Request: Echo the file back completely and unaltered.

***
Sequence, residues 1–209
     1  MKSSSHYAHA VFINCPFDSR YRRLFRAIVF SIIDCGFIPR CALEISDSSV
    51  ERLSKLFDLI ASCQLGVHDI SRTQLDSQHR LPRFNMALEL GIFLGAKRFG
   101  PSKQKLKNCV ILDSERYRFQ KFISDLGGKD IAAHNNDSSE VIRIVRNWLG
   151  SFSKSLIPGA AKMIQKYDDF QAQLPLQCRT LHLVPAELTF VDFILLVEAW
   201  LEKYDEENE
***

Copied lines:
Sequence, residues 1–209
     1  MKSSSHYAHA VFINCPFDSR YRRLFRAIVF SIIDCGFIPR CALEISDSSV
    51  ERLSKLFDLI ASCQLGVHDI SRTQLDSQHR LPRFNMALEL GIFLGAKRFG
   101  PSKQKLKNCV ILDSERYRFQ KFISDLGGKD IAAHNNDSSE VIRIVRNWLG
   151  SFSKSLIPGA AKMIQKYDDF QAQLPLQCRT LHLVPAELTF VDFILLVEAW
   201  LEKYDEENE